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Possible Engine Damage From Accident

eskfanrichardeskfanrichard Member Posts: 2
edited March 2023 in Hyundai
Five days after purchasing a new Hyundai Kona N, I was involved in a collision with a deer. I have comprehensive insurance in place, including new car replacement coverage, if the vehicle is deemed a total loss.

The deer strike occurred on the highway, just outside town at night. All of the damage occurred to the right front end, including bumper, lights, fender, and hood. The radiator, fan and shroud, and coolant recovery bottle were also damaged. Rather than leave the car on the shoulder at night, I slowly drove the car into town (5 minutes at most) and parked the car in a safe place off the road. It seemed to be losing power, and I saw a bit of white smoke from the exhaust before I shut it off. The coolant bottle was empty and some was on the ground.

The next morning the car was towed to an impound yard, and subsequently to a body shop for further damage assessment. The shop was confident there was no engine damage, despite me telling the insurance adjuster about the leaking coolant and lack of power. They thought that if the car still drove, it was ok.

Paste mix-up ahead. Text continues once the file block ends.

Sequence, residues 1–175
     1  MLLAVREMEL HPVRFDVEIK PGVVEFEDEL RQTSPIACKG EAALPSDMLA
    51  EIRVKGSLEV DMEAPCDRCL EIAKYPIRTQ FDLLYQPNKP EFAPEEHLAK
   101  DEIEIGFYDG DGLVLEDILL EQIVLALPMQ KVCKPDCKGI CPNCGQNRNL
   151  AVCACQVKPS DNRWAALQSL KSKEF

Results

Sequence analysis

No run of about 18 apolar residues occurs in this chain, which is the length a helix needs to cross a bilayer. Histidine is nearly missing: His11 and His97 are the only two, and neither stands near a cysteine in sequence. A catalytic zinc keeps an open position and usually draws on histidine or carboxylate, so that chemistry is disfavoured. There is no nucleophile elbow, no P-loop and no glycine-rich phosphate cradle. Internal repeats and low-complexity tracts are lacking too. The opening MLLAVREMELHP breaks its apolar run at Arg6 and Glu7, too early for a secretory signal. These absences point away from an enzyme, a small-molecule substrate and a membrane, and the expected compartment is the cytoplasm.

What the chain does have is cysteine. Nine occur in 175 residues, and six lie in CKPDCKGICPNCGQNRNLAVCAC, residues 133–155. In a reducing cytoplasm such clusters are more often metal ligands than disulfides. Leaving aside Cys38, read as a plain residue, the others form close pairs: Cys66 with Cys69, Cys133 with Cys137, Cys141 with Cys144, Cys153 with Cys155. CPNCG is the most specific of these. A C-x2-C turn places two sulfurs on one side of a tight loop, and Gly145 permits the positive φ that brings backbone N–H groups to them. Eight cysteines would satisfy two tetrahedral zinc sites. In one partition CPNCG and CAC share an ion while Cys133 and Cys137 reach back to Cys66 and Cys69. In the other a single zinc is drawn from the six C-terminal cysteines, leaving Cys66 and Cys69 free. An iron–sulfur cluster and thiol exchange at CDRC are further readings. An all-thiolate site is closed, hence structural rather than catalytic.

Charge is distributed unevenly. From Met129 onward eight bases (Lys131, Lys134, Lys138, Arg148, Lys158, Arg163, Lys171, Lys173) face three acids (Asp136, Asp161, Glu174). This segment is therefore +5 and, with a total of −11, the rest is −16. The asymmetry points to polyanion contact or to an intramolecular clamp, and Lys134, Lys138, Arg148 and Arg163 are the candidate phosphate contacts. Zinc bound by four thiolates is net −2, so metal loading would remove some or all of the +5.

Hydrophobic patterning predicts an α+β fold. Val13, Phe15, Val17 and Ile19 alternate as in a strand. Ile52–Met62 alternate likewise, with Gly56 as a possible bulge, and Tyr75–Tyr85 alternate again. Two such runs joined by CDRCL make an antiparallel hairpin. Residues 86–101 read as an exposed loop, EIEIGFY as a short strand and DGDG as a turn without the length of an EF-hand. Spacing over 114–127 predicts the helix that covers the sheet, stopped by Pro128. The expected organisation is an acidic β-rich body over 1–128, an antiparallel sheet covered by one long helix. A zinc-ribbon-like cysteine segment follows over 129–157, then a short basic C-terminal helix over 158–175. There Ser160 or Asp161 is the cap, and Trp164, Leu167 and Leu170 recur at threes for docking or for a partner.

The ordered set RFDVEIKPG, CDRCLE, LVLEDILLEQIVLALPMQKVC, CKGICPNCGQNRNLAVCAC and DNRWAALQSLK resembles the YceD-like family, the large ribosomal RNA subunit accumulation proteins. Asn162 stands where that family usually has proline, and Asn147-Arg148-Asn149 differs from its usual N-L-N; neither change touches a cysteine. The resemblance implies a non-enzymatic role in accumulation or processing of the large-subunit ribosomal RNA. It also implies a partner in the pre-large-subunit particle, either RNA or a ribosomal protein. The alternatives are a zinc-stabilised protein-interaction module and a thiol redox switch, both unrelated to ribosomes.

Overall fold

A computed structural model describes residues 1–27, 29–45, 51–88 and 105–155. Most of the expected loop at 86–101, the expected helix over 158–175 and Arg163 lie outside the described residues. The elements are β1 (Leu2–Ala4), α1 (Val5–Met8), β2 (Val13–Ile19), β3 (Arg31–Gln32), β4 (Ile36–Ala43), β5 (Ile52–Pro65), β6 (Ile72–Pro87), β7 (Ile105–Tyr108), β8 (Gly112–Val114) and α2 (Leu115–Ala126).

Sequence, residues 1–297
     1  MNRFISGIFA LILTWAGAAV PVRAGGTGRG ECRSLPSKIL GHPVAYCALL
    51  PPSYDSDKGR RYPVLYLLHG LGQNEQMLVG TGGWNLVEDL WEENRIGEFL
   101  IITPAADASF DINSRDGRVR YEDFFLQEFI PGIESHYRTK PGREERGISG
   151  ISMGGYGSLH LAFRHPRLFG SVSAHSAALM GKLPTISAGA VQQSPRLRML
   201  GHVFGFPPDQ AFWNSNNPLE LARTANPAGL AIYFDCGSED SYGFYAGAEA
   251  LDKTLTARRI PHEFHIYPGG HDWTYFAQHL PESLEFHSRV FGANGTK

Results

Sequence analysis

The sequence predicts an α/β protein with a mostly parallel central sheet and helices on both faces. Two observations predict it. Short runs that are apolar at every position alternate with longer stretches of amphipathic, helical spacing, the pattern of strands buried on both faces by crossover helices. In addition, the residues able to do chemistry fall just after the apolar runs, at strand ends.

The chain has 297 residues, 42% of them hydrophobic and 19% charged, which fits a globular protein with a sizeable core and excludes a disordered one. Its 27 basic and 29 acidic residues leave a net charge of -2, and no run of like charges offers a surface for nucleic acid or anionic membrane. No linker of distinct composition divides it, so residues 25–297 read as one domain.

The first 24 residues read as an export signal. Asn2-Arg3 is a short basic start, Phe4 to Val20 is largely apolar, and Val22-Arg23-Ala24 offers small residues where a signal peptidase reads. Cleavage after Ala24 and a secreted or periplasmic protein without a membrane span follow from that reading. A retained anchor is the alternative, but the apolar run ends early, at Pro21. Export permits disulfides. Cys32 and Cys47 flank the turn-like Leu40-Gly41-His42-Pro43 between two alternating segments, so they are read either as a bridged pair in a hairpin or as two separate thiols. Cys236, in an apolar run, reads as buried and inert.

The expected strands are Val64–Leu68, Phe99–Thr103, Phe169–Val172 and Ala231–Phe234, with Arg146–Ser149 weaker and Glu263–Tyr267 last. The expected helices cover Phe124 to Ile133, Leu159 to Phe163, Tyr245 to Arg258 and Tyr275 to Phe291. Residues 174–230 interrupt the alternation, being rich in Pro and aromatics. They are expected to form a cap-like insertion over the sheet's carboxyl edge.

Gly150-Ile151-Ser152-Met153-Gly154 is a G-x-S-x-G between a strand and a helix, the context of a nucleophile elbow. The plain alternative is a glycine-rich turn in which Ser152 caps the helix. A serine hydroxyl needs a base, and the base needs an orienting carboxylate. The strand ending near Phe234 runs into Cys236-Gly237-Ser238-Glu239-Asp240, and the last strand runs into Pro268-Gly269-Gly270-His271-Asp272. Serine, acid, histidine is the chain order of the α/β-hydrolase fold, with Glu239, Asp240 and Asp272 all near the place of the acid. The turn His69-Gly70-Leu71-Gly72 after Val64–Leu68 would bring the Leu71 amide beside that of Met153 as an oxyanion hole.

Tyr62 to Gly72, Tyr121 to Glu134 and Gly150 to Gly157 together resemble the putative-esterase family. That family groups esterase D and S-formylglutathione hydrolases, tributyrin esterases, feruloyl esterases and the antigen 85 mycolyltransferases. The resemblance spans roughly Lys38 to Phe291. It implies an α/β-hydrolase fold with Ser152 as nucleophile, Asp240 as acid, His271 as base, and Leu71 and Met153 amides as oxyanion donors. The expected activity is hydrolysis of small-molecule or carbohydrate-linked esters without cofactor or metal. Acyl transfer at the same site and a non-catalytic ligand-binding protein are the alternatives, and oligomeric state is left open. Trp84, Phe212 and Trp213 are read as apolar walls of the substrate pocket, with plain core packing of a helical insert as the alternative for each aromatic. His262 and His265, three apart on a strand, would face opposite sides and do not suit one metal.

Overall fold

I would much prefer that the car was written-off, rather than ignore possible engine damage while they repair the body work. Do I have a right to demand that they (or the dealership mechanics) perform a pressure test? I don't see much point in repairing everything else if the engine is shot, and I certainly don't want the car back in that condition....

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    thecardoc3thecardoc3 Member Posts: 5,768
    If the engine was damaged due to overheating from coolant loss would that be considered damage from the accident or abuse/negligence by continuing to operate the vehicle after it was damaged?

    As far as the testing goes, a pressure test could confirm that damage has occurred, but it cannot necessarily confirm that everything is fine. It could very easily be tested right now and find nothing wrong, however, sometimes after an overheating event it takes multiple warm-up cycles for damage to be revealed. There are engines survive an event like this, and engines that do not. Oftentimes all you can do is
    run it and watch for any symptoms in the future.
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